It’s interesting that reading the training manual I got the distinct impression that a big part of our role was to listen and ask a few pertinent questions of the patient. However, to get the survivors attention (and sometimes the caregiver’s) it was necessary to make a considerable effort to break the ice. Certainly this was not surprising since we were perfect strangers.

We achieved our breakthroughs by briefly telling our own personal story. In one case, after we told our story of stroke rehabilitation and stroke recovery the female patient said that she didn’t usually speak with strangers very well or disclose her more personal feelings as she was with us. I was quite taken. During this first day, I witnessed several similar breakthroughs, if not quite as dramatic. In each case, the patient became quite talkative and forthcoming. In one case, a younger woman with children disclosed her husband’s pressure to recover faster. She resented his pressure.

But then I started to think about myself after stroke and during my stroke recovery phase. If someone visited me and said, “Look, I was like you in bed or in a wheelchair with considerable deficits and not feeling so great but look at me now. How would I have felt?

Encouraged! By example, I could see that this was doable, and it is – though it is not easy!

For more information about the program please go to and

Bob Mandell is the author of the recently published book, Stroke Victor, How to Go from Stroke Victim to Stroke Victor

Being a Brain Injury Peer Visitor

Per-Visitor-day-1Several months ago I was asked to speak to the Stroke Support Group which meets at one of the NCH facilities in Naples, where we live. Apparently, the speech was a success. One of several results of the speech was that I was asked to become a Brain Injury Peer Visitor in the hospital as a volunteer. The program hails from Georgia where they service 39 hospitals but NCH is the only Florida hospital participating. Hospitals in other states are becoming interested in this particular program.

The concept of the organization is to visit each brain injury patient during their in-patient rehabilitation stay. About 50% of those patients had strokes and a large majority of the others have suffered traumatic brain injuries emanating from falls or automobile accidents. Others had less prevalent but still serious brain issues. During the visit the volunteer delivers a customized packet of materials with information about the malady, lists of resources and suggestions to assist the survivor, the caregiver and their family and friends.

All of the volunteers in the program have themselves suffered a brain injury of one kind or another as I have. I have often said that there is reality and theoretical. Reality is me, for example – I have had a stroke and have gone through stroke treatment, stroke rehabilitation and in my case have been fortunate to have achieved a high level of stroke recovery. No matter how hard they try, be they physician, therapist, family or friend – no one knows what it is like to have a brain injury if they actually haven’t personally experienced it. I do not say that to be negative or out of malice in any way. We have “walked the walk” and that’s the point! Similarly, for me, the big “C” is theoretical because I fortunately have not had cancer.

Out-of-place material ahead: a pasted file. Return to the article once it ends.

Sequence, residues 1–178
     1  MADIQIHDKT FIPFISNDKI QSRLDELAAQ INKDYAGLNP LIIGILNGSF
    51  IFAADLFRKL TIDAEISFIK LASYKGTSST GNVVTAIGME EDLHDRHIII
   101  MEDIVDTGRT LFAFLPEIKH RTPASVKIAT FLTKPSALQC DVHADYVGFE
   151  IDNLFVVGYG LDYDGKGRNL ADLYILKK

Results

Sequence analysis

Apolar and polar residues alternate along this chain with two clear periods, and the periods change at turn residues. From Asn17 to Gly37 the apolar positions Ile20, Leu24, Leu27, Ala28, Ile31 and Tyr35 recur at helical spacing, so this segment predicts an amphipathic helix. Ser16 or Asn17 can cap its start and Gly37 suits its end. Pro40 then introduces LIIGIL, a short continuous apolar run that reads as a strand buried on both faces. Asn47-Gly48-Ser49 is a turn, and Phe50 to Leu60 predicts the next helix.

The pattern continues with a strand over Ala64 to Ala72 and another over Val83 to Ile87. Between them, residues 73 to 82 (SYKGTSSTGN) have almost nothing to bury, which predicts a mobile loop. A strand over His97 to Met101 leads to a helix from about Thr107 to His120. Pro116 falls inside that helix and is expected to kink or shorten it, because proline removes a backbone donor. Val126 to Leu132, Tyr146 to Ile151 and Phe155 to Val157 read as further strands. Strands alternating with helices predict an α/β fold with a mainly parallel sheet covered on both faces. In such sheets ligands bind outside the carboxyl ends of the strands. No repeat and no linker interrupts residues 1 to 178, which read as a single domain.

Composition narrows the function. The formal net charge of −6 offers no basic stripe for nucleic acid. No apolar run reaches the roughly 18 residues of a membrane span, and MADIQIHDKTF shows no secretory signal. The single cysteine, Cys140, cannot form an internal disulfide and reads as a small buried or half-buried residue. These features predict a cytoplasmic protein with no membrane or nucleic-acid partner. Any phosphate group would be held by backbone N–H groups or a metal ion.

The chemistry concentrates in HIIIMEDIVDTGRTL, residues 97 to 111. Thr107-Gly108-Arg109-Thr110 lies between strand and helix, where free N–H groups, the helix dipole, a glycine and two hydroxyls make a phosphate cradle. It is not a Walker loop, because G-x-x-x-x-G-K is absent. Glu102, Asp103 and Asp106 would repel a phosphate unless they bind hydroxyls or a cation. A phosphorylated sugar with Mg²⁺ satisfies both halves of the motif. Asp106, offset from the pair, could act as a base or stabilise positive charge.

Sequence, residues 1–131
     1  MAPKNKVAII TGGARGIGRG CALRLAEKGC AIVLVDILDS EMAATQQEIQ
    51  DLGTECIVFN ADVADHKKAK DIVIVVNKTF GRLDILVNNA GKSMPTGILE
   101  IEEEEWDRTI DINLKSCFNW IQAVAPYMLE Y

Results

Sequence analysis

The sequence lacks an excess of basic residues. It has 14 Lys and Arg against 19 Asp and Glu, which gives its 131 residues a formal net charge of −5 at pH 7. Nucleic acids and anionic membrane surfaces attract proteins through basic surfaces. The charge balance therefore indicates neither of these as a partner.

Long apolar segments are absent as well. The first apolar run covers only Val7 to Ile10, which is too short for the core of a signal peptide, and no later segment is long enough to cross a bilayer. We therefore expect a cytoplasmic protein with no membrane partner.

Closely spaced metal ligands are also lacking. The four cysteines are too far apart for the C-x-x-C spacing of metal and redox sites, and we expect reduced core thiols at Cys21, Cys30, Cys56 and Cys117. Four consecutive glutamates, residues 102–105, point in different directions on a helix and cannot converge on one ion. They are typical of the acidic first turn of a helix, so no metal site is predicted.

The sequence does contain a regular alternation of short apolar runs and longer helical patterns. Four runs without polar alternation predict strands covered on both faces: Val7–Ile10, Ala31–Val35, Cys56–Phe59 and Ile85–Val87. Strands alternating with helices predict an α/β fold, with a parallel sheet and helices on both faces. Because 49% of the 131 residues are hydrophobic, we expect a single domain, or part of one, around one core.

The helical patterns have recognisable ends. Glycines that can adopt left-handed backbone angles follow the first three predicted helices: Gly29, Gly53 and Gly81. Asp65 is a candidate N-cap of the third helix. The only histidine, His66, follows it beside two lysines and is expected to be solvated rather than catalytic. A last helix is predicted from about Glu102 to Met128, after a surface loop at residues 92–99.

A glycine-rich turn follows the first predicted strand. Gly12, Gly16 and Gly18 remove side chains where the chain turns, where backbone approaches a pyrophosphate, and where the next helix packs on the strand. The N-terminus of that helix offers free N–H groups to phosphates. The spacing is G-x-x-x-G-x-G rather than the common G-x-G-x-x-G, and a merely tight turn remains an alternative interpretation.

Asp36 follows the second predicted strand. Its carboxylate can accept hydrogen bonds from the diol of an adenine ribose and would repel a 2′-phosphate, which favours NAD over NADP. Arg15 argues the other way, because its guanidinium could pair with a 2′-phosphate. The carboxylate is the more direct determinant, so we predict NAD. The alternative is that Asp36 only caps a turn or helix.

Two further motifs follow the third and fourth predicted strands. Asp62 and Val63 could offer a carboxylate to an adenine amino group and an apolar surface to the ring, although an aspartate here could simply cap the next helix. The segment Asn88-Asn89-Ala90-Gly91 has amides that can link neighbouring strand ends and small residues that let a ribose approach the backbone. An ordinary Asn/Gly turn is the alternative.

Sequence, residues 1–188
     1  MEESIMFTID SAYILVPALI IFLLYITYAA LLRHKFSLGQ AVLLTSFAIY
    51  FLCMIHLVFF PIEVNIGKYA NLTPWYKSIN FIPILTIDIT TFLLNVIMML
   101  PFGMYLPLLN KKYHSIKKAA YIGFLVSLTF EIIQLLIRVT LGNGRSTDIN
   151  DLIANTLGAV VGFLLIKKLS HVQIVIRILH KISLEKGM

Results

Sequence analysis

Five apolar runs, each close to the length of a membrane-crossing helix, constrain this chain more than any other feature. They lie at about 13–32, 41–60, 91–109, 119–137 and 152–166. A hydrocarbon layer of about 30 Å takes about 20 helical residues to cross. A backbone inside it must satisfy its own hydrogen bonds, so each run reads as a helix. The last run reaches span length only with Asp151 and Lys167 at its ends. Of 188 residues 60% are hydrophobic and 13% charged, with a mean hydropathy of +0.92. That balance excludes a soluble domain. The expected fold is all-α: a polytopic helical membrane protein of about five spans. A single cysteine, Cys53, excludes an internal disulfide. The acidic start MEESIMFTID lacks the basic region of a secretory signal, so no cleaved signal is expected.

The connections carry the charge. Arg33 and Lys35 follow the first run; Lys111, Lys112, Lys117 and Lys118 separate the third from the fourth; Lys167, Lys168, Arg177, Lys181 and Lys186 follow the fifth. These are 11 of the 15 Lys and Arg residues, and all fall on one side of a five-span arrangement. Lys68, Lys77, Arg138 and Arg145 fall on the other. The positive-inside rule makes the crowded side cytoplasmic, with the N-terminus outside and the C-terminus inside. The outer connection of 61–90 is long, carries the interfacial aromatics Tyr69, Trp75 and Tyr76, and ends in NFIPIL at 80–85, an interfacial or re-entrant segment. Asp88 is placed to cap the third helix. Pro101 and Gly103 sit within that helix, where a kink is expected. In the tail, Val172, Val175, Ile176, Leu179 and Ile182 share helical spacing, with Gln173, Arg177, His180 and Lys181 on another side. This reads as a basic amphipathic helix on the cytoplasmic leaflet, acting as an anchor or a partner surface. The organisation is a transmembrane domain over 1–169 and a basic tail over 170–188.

The Peer Visitor Program brings those who “have walked the walk” to those who are “walking the walk”. And in our visits we try to bring some comfort, an ear to listen, perhaps a bit of questioning to open an intellectual door, and some personal experience that that can be valuable and comforting. Our objective as we walk out of the patient’s room is to leave the survivor, and perhaps the caregiver and family more uplifted and perhaps a bit more prepared to do the work of recovery than when we entered.

For more information about the program please go to and

Avoiding Caregiver Burnout

There are so many things for a caregiver to do after someone has a stroke that the caregiver can get overwhelmed and ultimately have burnout. Debbie, my wife and caregiver when I had my stroke eighteen years ago quickly realized that life cannot completely revolve around me, the survivor. While it is a typical situation after a traumatic event which a stroke is, it’s not healthy or productive.

A way Debbie found to avoid burnout was to maintain her outside activities. Debbie continued to teach school and even kept teaching her Adult Education women’s exercise class several evenings a week.